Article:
Variable Problem



  • Hello guys.

    I have a little problem. My program reads numbers from txt file and show.

    data.txt
    @12345,67e-09@

    code.cpp
    @
    ...
    QFile file(fileName);
    QTextStream in(&file);

    double textData;
    QString data;

    in >> data;

    textData = data.toDouble();
    @

    It works. But when i change data.txt, there is a problem.

    data.txt
    @1234567e-09@

    Program shows the number that is 0,00123457. I want to show 1234567 x 10^9 ( = 1234567 x 1000000000 ).

    I guess The problem occur because of double variable type. How can i fix this?



  • [quote author="kingsta" date="1364855711"]@1234567e-09@

    Program shows the number that is 0,00123457. I want to show 1234567 x 10^9 ( = 1234567 x 1000000000 ).[/quote]

    Why?

    If the file contains "1234567e-09", which according to the "scientific notation":http://en.wikipedia.org/wiki/Scientific_notation means "1234567 × 10^(-9)" and not "1234567 × 10^9". The latter would be "1234567e09" instead of "1234567e-09".

    But if you want the text to be interpreted differently from the "usual" commonly-accepted conventions, you will have to read it as QString and then implement your own "non-standard" parser logic...

    --

    BTW: As plain text always is ambiguous (unless both sides agree an a strict convention), you should better use a QDataStream. This class provides well-defined and platform-independent encodings for all common data types.



  • [quote author="MuldeR" date="1364861518"][quote author="kingsta" date="1364855711"]@1234567e-09@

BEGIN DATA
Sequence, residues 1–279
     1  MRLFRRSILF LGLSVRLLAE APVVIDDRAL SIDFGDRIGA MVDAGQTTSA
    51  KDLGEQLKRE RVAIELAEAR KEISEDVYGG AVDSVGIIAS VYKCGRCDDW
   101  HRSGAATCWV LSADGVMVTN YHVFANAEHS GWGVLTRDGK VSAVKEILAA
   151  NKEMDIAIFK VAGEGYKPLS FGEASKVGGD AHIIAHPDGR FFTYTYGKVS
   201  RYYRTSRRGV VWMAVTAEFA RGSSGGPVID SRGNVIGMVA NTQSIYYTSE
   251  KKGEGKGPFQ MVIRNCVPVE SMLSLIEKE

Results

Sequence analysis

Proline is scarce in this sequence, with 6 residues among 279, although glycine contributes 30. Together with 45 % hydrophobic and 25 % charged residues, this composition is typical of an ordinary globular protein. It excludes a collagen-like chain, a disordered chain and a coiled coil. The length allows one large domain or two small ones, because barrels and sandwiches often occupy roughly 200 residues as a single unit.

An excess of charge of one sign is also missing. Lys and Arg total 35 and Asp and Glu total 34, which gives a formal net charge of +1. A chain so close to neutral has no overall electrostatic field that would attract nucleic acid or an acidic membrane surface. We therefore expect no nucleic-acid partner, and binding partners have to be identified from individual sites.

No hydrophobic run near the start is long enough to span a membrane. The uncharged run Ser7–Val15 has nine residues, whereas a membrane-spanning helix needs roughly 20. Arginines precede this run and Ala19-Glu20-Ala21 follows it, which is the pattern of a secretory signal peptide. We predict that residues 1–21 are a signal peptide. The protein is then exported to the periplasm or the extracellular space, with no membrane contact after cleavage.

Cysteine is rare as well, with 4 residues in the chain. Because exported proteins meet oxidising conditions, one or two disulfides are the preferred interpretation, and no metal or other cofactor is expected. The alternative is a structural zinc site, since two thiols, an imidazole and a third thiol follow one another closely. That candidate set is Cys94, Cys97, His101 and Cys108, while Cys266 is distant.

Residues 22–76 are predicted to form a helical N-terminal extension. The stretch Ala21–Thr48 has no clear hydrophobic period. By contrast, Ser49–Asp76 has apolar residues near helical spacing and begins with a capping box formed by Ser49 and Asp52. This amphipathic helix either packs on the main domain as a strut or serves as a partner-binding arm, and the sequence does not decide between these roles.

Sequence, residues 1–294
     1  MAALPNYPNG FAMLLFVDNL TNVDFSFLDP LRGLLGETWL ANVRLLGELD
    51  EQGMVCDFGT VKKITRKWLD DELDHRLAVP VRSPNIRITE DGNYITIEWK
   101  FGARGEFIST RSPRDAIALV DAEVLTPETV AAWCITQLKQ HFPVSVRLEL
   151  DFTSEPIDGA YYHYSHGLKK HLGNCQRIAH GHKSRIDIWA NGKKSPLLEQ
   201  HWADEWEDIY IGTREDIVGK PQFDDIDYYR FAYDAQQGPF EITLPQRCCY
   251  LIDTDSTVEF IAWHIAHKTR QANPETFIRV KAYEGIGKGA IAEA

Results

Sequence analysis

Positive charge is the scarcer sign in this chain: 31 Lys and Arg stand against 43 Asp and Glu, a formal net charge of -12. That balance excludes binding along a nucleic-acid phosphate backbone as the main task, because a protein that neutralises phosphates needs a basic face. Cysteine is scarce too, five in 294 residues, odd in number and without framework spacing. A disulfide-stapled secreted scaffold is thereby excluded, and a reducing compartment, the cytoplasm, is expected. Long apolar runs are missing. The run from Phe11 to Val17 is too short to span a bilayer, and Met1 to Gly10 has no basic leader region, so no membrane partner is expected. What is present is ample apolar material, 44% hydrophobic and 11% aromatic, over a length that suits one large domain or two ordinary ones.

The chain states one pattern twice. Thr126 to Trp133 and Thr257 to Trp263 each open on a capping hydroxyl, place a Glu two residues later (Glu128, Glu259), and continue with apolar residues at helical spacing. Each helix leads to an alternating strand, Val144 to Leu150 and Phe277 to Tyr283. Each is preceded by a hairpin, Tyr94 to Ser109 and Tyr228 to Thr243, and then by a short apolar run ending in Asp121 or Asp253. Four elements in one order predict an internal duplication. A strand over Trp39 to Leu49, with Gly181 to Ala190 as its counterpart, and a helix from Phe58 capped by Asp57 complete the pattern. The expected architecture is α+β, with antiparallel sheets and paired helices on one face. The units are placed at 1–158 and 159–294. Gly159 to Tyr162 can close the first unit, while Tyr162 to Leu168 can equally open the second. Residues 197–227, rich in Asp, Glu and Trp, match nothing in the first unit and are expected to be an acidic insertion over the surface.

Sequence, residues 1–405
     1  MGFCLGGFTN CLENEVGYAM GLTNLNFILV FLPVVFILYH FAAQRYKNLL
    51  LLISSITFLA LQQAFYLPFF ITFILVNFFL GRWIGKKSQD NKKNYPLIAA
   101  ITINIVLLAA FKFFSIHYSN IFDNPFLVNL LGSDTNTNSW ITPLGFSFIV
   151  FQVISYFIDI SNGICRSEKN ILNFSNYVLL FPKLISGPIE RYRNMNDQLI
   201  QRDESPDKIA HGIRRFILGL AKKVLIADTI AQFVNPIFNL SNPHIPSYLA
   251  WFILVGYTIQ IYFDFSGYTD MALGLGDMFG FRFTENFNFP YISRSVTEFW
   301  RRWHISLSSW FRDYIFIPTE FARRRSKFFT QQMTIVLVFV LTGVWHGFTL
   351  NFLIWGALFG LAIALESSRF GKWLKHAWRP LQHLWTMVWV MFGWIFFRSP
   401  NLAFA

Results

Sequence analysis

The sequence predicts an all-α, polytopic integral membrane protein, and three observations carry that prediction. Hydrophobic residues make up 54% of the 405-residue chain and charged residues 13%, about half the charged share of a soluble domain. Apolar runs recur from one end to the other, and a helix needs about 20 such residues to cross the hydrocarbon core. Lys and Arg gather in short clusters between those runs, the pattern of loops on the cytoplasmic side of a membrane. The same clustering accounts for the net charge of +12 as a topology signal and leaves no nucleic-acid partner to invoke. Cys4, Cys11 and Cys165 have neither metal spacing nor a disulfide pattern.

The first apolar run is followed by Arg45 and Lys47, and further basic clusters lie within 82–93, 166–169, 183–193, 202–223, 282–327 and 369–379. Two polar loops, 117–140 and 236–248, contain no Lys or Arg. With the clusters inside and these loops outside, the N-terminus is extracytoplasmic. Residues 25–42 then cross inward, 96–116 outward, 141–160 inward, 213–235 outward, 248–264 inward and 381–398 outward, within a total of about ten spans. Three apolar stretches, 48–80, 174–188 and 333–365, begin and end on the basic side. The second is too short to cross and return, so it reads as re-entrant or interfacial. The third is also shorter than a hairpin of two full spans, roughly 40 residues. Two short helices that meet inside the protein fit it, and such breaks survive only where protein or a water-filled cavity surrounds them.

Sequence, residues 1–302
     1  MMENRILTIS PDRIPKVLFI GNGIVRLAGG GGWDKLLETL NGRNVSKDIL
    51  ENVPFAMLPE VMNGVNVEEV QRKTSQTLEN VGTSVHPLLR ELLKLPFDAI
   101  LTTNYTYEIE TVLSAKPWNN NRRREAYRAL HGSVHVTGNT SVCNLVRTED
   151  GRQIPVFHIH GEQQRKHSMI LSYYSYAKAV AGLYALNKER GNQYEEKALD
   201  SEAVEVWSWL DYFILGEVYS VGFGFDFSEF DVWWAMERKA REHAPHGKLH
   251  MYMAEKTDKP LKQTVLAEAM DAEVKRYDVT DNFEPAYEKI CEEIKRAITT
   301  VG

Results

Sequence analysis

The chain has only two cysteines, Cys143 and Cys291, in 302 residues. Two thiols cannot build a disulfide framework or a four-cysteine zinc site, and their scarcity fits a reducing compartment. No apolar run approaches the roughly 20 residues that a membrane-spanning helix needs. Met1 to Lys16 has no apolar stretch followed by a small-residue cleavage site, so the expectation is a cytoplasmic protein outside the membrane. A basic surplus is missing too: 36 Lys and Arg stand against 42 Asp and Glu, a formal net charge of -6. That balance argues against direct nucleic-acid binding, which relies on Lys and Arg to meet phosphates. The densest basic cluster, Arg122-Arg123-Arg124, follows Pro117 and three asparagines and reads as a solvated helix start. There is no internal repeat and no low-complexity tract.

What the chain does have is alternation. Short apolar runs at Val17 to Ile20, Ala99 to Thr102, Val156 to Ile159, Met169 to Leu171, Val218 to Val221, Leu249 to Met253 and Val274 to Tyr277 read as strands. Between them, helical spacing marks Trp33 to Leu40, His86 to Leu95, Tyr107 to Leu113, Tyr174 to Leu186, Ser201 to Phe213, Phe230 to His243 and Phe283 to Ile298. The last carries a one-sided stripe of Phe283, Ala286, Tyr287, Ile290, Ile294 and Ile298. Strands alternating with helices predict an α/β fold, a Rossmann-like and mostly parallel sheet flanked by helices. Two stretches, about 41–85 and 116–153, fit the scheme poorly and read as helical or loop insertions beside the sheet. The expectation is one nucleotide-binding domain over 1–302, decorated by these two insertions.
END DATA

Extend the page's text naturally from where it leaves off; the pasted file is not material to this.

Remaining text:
Program shows the number that is 0,00123457. I want to show 1234567 x 10^9 ( = 1234567 x 1000000000 ).[/quote]

    Why?

    If the file contains "1234567e-09", which according to the "scientific notation":http://en.wikipedia.org/wiki/Scientific_notation means "1234567 × 10^(-9)" and not "1234567 × 10^9". The latter would be "1234567e09" instead of "1234567e-09".

    But if you want the text to be interpreted differently from the "usual" commonly-accepted conventions, you will have to read it as QString and then implement your own "non-standard" parser logic...

    --

    BTW: As plain text always is ambiguous (unless both sides agree an a strict convention), you should better use a QDataStream. This class provides well-defined and platform-independent encodings for all common data types.[/quote]

    Thanks for help. Yes you right I was wrong. I am going to look QDataStream.


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